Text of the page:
By Trent Rentsch
As I’m plunging 210 feet I remember that I’m afraid of heights. This might explain why I recognize one of the screaming voices as my own. At 73 miles an hour there really isn’t much time to ponder the girlish timbre of my shriek, as we pull up from the dive and climb again, nearly as high, nearly as fast. Surely that was the tallest one… OH MY GOD!! I might be more comfortable with my situation if my butt was actually on the seat, but I seem to be free falling with no visible means of support. Luckily, I do land back in the chair rather than on my face. I consider screaming for mercy, or my Mommy, but I know it will do no good. By some insane quirk of fancy I am speeding along the back of a steel beast, a journey that, once taken, must be endured to the end. For the next several minutes I hold on tight, pray, go hoarse, and wish I hadn’t eaten an hour before. Then, just as my wits and bodily functions are about to go completely, the nightmare ends as suddenly as it begins. Hoping that he is still strapped beside me, I turn my head to my stepson. “Did you feel those G’s,” he says. “Man, I saw purple dots in front of my eyes! Let’s do it again!” I look back at the 4,882 feet of twisting turning steel that is Apollo’s Chariot. “Sure!” I smile. “Why not?”
Yes, in the Italian section of Busch Gardens, we did as the Romans might do and rode Apollo’s Chariot. We also spun around the double loops of the Loch Ness Monster in Scotland, and “skied” Alpengeist in Germany. Oh yes, and after dark we sped through the woods on the shoulders of the Big Bad Wolf. Every ride a new experience in terror, every breathtaking minute a recipe for cardiac arrest. And I loved it. God help me, I loved it!
To explain why, I would have to understand it myself. If you’re into coasters, you understand what I’m talking about. If you’re not, well, you’d be like my wife. Luckily, there was an abundance of tamer fare for Lori while I deserted her for another hit of G-force induced adrenaline. That’s right, distract the wimps while those of us wearing Cry Babies Don’t Ride hats get down to business! Only kidding, Honey! Honest! Sort of. I really should be nice. After all, just 2 days after my coaster fix, my wife managed a last-second dream come true.
I am a child of Beatlemania. I still have The Beatles Second Album and A Hard Days Night LPs that my parents bought me when I was three. At five I was wowing the audience at my Aunt’s piano recital with an unexpected rendition of Twist & Shout. While other kids got eggs, the Easter Bunny delivered the Beatles single that had Strawberry Fields Forever on one side and Penny Lane on the other. I stood by my Beatles through the rocky “Honeymoon’s Over” period that was John’s marriage to Yoko. I remained faithful to each of them after the break-up, collecting all of their solo efforts, good or bad… yes, even Ringo’s! While my friends moved on to the polyester-coated disco era, I maintained that disco sucked… at least until Paul released Goodnight Tonight. Then, the unthinkable happened. John was gone. The fantasy of a reunion was gone. The Beatles weren’t forever. All I could do was hope that I might sometime see one of the surviving members in concert. It took awhile. Until last night, to be exact.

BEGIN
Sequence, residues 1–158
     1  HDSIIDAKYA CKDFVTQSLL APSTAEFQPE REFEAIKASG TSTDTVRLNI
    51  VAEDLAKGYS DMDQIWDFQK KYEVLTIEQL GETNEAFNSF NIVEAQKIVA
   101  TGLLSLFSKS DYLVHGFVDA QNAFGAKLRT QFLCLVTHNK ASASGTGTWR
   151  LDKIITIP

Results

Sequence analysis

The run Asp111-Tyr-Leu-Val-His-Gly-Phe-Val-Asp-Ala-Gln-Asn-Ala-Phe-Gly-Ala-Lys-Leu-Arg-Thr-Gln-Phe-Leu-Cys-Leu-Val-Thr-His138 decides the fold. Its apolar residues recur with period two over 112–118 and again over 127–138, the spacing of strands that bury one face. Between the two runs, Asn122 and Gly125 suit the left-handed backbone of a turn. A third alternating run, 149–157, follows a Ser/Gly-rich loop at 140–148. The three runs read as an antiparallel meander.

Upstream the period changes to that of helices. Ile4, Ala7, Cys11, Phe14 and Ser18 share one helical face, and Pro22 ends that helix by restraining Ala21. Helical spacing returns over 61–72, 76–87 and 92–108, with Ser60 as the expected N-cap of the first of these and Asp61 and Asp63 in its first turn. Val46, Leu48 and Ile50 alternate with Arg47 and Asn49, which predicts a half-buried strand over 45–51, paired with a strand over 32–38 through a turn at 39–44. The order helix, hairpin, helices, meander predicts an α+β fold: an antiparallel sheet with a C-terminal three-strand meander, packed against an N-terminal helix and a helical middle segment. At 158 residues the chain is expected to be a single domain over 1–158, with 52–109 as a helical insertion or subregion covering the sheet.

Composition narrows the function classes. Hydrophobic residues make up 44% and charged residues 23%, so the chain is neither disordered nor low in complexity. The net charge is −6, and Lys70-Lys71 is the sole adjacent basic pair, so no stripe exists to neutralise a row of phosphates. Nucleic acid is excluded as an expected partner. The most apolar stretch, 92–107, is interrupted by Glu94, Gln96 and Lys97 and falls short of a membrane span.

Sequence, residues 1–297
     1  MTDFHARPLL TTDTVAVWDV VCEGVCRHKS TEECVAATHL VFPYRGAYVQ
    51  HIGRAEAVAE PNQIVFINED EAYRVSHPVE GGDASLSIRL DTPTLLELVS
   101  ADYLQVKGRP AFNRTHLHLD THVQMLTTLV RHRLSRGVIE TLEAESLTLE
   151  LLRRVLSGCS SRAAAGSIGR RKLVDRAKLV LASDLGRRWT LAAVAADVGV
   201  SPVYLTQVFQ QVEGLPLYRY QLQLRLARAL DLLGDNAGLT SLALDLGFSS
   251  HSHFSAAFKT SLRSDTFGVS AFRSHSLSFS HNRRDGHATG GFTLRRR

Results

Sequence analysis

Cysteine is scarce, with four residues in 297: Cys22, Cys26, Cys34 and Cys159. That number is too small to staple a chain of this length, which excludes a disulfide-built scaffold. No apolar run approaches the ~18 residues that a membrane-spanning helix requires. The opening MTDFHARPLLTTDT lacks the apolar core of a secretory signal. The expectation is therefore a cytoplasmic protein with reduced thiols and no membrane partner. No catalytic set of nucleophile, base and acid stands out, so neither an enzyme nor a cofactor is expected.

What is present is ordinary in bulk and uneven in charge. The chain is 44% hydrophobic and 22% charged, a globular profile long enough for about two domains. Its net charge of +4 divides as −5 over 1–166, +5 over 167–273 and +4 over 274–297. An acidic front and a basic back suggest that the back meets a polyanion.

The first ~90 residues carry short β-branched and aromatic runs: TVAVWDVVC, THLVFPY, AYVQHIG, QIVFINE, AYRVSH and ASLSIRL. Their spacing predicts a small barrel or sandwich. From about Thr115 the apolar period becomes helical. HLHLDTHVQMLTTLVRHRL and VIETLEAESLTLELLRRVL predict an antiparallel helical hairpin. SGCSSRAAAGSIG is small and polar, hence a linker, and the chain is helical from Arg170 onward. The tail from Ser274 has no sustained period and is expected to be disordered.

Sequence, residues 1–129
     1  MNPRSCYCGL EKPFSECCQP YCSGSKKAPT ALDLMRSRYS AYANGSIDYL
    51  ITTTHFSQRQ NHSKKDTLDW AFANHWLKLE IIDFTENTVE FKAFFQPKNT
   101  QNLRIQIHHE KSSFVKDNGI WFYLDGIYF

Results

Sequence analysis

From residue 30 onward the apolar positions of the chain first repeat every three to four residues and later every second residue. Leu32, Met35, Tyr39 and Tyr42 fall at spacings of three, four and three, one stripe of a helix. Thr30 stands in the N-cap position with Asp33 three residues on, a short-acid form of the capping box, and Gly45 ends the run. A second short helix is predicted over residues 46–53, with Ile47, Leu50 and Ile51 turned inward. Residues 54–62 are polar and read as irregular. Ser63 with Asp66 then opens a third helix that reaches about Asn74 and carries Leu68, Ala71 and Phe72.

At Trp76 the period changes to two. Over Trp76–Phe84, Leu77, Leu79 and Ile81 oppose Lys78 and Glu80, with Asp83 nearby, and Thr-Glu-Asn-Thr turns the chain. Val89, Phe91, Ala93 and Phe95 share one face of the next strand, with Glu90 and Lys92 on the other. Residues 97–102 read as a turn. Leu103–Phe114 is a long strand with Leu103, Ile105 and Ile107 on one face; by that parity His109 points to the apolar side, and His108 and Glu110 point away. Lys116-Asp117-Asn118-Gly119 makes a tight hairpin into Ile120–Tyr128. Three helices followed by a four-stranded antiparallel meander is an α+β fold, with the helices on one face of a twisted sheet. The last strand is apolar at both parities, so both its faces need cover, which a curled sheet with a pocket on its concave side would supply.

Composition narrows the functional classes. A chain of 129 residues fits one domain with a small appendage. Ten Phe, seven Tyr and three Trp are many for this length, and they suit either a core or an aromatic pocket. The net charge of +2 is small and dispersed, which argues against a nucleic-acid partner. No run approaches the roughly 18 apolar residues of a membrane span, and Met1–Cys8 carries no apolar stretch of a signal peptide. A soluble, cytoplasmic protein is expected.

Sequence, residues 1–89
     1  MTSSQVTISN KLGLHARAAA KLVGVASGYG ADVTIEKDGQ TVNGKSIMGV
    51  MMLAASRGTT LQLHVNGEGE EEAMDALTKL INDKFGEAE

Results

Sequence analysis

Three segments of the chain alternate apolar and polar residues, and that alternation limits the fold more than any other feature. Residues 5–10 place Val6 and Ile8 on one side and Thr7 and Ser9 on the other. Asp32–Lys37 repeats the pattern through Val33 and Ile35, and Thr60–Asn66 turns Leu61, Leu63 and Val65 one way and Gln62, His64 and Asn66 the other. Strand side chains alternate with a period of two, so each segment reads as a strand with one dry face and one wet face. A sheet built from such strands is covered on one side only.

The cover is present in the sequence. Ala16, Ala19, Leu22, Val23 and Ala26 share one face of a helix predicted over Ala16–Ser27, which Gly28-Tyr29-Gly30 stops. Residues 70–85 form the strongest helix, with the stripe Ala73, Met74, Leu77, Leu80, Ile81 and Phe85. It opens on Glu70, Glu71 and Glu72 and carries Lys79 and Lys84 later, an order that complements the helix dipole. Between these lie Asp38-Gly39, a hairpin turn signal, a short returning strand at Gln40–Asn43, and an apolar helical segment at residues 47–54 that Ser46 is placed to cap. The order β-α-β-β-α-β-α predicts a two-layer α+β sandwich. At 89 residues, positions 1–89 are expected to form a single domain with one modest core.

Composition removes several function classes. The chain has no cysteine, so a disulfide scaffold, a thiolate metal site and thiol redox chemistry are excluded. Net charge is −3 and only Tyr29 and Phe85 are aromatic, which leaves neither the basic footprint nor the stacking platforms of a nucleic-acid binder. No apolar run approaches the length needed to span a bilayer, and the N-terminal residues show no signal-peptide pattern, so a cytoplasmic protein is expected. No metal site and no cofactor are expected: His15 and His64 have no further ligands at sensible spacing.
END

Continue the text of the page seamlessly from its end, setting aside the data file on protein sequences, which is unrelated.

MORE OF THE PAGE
When George passed away a few months ago, I knew that time was slipping away. One night I dreamed that Paul had died, and Ringo was my last chance. I woke up in a cold sweat. That same morning, McCartney’s concert in Raleigh was announced. Whew! But then I read the ticket prices… WHEW!!! Why I didn’t just go ahead and bite the bullet is a mystery to me too, but I didn’t. And by yesterday I was really regretting it. Leave it to my wife to be my Angel of Mercy. Late yesterday afternoon, just when I was feeling the most sorry for myself, she emailed me salvation. We had two seats in her company’s suite for the concert! Did he live up to my expectations? Duh!
Roller Coasters and Paul McCartney have more in common than an obsessive middle-aged geek. Like a good ride designer, McCartney knows his audience. Years of writing, recording and performing have taught him what works and what doesn’t. He also understands that you can’t do the same thing, the same way, over and over. Reading some of the message boards revealed that he has made changes to the show since this tour began, constantly tweaking and improving the production. And just as a coaster engineer knows, McCartney understands that he has to keep adding new spins on even the old favorites, to keep the audience interested and coming back. Yes, there is a science to designing a coaster, but like a successful concert tour, it’s not really rocket science. The keys are understanding your audience, giving them what they want, and keeping it fresh. It’s a set of keys that all Creatives should keep in their pocket.
Too many times I hear screaming, flame-throwing, hard rocking ads on Country music stations. I have also heard monotone, voice only spots droning on for what seems like hours on Classic Rockers. Beavis and Butthead drops land smack in the middle of sweepers for oldies stations, while bad Elvis impersonators mumble why they listen to the local alternative station every time they are out buying jelly donuts. Who is the audience? Where is the focus? Until the first question is answered, the second won’t be… and obviously isn’t in some cases.
In the past few days, both Busch Gardens and Paul McCartney have made me a very happy boy, because they knew what I wanted and gave it to me. Of course if my wife didn’t know her husband, the McCartney concert wouldn’t have happened. I really must quit kidding her for being a chicken about coasters. Nah…